A while back, before LEGO’s crowdsurfing ideas site became “LEGO IDEAS” (a much better title, IMO) a proposed set of ladies in scientific pursuits was proposed. It worked on the logic that LEGO had recently been focusing on girls through its Friends theme and boys through the standard City theme and that in the City theme there didn’t seem to be many girls doing, well, things.
The set reached the threshold of voting and it was taken forward. There was actually little variation between the proposed set and the set that the LEGO designers had ended up with. There was the more indifferent name of the product, and the figures had long hair and makeup (I guess to show that they were girls).
Then it was ready for release – and the result has been quite surprising. The set instantly sold out – on the LEGO site you are limited to how many you can buy, like the Exo Suit (which has also been a crowd-surfing success); and then this set became NEWS. The whole toys vs. gender wars started up again. I saw a shared story about how LEGO only released this set after receiving a letter from a seven year old girl (I’m sure that letter did the rounds just before this set was proposed, and there was debate whether it was actually written by a young girl or not), and Katie Hopkins of the sun also produced a column on this as well (I discovered this from a blog by Brickfanatics on their website: http://brickfanatics.co.uk/interesting-view-on-the-female-lego-debate/ )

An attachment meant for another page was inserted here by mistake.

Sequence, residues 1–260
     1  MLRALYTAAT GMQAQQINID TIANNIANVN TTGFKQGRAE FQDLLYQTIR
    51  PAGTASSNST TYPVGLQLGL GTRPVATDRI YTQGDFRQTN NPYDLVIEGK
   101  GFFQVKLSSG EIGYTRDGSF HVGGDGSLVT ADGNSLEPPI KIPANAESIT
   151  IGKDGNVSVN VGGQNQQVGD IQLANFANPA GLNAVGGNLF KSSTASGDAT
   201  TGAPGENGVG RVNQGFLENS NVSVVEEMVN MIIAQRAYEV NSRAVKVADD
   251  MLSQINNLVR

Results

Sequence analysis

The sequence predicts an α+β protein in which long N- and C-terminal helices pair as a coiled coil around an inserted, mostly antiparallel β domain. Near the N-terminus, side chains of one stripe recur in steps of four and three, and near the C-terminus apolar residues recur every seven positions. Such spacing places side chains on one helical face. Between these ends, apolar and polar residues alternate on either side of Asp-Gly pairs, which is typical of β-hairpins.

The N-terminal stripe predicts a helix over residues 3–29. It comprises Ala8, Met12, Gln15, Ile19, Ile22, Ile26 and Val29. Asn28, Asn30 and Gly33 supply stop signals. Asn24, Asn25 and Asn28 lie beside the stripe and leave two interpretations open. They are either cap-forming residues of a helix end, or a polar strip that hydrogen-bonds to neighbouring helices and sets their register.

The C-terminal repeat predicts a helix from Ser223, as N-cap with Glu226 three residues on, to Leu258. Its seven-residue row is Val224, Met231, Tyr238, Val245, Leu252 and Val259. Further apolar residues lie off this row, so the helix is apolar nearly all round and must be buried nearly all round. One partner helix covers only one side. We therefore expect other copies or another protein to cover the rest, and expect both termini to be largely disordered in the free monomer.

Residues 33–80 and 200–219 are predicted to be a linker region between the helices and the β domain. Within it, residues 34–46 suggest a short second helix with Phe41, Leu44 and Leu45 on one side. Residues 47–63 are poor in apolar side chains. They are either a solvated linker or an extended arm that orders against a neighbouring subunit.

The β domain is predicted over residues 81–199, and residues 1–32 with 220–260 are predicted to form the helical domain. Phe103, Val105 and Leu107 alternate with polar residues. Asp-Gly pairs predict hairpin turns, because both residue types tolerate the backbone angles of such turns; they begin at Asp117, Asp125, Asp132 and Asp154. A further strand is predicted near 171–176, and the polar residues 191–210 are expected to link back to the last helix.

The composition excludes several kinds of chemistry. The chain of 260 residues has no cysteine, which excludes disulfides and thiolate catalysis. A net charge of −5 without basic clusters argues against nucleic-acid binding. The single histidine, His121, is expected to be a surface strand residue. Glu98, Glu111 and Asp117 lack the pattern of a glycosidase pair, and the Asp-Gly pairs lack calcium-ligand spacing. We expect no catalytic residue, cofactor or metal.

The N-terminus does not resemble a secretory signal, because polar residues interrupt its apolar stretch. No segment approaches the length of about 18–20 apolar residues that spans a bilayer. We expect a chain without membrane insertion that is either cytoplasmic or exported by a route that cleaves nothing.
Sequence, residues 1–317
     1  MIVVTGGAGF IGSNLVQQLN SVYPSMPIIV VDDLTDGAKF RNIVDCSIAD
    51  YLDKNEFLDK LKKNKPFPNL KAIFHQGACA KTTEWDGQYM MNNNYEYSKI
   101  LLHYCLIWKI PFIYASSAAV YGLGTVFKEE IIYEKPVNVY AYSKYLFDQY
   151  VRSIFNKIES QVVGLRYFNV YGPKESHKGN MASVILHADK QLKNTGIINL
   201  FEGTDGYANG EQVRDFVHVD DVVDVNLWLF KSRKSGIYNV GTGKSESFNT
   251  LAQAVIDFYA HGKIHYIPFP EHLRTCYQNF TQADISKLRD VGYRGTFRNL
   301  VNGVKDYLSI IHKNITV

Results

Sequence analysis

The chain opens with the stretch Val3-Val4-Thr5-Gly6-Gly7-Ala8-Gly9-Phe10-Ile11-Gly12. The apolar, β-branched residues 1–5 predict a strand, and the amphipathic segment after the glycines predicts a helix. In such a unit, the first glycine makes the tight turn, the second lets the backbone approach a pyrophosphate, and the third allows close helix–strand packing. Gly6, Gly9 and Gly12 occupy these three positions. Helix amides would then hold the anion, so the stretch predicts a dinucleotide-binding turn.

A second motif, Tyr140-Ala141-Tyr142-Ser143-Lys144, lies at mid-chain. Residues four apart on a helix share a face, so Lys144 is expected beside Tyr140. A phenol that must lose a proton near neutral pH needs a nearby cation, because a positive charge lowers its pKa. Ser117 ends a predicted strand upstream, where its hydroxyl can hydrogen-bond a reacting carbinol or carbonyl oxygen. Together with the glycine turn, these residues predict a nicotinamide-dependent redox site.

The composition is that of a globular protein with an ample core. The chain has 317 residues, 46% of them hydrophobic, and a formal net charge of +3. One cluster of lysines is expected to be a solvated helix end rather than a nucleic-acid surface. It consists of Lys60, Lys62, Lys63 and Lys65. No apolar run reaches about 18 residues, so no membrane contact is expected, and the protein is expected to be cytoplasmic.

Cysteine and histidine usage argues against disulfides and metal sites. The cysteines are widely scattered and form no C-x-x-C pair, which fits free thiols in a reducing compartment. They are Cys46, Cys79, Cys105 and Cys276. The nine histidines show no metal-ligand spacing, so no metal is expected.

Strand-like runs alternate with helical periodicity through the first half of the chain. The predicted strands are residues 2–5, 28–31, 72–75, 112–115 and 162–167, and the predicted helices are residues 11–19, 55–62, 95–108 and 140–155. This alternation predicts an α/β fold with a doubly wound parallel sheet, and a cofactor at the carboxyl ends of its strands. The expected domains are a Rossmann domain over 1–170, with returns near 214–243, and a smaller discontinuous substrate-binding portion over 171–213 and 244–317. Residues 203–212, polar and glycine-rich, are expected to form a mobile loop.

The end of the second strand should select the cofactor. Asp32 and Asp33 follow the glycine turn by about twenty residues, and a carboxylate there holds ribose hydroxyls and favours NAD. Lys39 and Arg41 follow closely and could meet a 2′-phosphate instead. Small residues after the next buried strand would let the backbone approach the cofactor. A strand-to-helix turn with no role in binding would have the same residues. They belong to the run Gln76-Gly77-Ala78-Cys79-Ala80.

So here’s my take. I got a set as soon as I could – not because of the minifigures, but because each of the three vignettes are pretty cool in themselves. Whilst I know that the original intention was to promote the fact that girls do stuff, I am a little surprised that there isn’t one male person in the set (I think there should be some balance here) – and besides, if this set is really about balancing the stereotype, then shouldn’t one of the figures be of, say, West Indian or African descent (yes, I know Lego figures are yellow to avoid the issue of racial colour, but even Friends has started to integrate here).
What I find of particular interest here is the psychology that is making its way forward. Although LEGO is primarily a child’s toy, the themes, franchises and general intelligent level of interest and direction from the general public has definitely brought it into the adult Point of View (take the themes of Star Wars, Batman, Ghostbusters, Back to the Future as examples) and as such there is much beard stroking and pondering about what could be implied if there are no ladies doing things. Which is interesting as I don’t think there has been much discussion about other building block toy products being balanced either.
Anyway, if you will excuse me I have a box of new Lego to play with. 🙂